Egyptian-born Toronto man suing federal government after 17-year deportation fight

An Egyptian-born Toronto man and his family are suing the federal government following a 17-year legal battle during which Ottawa repeatedly tried to deport him for unproven ties to terrorism.

Ottawa used three controversial national security certificates to detain Mahmoud Jaballah

Mahmoud Jaballah, seen here in 2009, came to Canada in 1996. He was first arrested and detained in 1999. (Colin Perkel/Canadian Press)

An Egyptian-born Toronto man and his family are suing the federal government following a 17-year legal battle during which Ottawa repeatedly tried to deport him for unproven ties to terrorism. 

Mahmoud Jaballah, his wife Husnah Al-Mashtouli and their six children filed a statement of claim in the case in an Ontario Superior Court at the end of November.

They are seeking more than $34 million in damages, saying that the federal government violated Jaballah's charter rights; kept him imprisoned for unnecessarily long periods of time; carried out abusive and negligent investigations into his activities; and deeply harmed his reputation and the wellbeing of the family, among other allegations. 

The suit comes little more than two years after a federal Court of Appeal ruled the government's attempts to label Jaballah as a national security threat and deport him were not "reasonable."

Canadian authorities arrested and held Jaballah on multiple occasions from 1999 to 2008 using controversial national security certificates, a mechanism that allows the government to keep the evidence against a subject secret. All three certificates ultimately proved untenable in court. 

Jaballah and his wife came to Canada in 1996 using fake passports after having left Egypt some five years earlier. Jaballah spent time in Saudi Arabia, Pakistan, Afghanistan, Yemen and Azerbaijan before travelling to Toronto.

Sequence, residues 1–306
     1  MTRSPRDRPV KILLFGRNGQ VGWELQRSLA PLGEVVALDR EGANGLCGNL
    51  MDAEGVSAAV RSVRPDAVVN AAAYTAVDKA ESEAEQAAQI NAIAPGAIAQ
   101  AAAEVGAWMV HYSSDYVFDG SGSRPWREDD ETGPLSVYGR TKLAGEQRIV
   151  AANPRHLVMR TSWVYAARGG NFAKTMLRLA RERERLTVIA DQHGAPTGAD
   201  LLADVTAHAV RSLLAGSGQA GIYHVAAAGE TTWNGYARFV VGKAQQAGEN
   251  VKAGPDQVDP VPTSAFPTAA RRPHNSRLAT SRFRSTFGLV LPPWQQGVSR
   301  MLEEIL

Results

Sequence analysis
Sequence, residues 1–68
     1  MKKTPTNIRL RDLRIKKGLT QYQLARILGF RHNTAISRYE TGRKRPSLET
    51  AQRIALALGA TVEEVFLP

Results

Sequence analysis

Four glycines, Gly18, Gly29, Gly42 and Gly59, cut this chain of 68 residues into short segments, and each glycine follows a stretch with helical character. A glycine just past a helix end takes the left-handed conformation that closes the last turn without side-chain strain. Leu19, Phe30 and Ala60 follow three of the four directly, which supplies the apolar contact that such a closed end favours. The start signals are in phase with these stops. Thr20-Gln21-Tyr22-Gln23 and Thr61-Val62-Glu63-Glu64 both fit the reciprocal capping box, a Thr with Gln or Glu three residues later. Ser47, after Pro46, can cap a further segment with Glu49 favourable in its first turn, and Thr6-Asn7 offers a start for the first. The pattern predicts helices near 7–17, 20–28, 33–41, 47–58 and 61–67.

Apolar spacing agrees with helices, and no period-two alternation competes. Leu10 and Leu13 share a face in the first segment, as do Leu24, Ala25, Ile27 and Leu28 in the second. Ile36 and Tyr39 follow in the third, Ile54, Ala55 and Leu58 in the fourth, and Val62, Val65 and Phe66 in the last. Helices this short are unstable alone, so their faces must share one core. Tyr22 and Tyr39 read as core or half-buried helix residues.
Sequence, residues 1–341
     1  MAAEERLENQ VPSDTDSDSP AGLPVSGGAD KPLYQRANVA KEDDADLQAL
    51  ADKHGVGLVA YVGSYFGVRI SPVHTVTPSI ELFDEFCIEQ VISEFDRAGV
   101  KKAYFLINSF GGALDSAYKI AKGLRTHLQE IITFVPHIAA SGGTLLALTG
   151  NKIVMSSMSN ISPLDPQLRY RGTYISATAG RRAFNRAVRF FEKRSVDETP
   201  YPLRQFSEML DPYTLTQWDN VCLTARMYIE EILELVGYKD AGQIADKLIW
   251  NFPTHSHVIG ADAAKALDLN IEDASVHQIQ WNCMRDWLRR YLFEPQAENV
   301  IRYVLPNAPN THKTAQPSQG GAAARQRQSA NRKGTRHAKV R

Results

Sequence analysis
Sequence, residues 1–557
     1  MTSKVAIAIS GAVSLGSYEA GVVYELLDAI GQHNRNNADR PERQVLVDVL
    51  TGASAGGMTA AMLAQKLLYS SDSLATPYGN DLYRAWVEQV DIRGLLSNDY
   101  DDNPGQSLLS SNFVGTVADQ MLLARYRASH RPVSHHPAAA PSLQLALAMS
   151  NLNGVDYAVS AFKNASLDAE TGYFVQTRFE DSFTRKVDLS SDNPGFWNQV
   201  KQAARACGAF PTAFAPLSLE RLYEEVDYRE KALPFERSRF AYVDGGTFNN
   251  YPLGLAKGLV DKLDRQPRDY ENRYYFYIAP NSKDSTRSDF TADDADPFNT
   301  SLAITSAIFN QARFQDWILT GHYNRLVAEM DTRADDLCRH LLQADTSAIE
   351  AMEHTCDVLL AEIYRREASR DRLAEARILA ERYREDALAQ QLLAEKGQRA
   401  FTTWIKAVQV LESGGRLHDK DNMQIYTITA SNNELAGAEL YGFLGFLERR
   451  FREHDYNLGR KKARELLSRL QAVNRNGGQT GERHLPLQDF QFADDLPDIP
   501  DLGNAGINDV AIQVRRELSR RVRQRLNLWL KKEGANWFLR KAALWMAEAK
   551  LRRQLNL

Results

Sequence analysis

He and wife said they had faced persecution from a repressive Egyptian regime, and risked imprisonment and torture if they returned. For their part, Egyptian authorities accused Jaballah of having ties to a terrorist organization that is closely linked with Al-Qaeda. 

The Canadian Security Intelligence Service began monitoring Jaballah, including intercepting his personal communications, as soon as he arrived in Toronto.

He was questioned about implied links to the 1998 bombings of U.S. embassies in Kenya and Tanzania and alleged communications with prominent terrorists, though the substance of the alleged communications have never been disclosed by Canadian authorities. 

Jaballah has always denied any connections to terrorism or terrorist groups. 

During one nearly six-year period of detention on the second of three national security certificates, Jaballah spent considerable time in solitary confinement, the suit says. He went on two different hunger strikes to protest his imprisonment, acts that the suit claims had long-term health consequences. 

Between 2008 and 2016, Jaballah and his family lived under house arrest, though the conditions changed over the years. 

In May 2016, a federal judge ruled the third and final national security certificate intended to detain and ultimately deport Jaballah was unjustified. The federal government's appeal in the case failed. 

Jaballah's legal counsel in the matter declined to provide comment to CBC Toronto.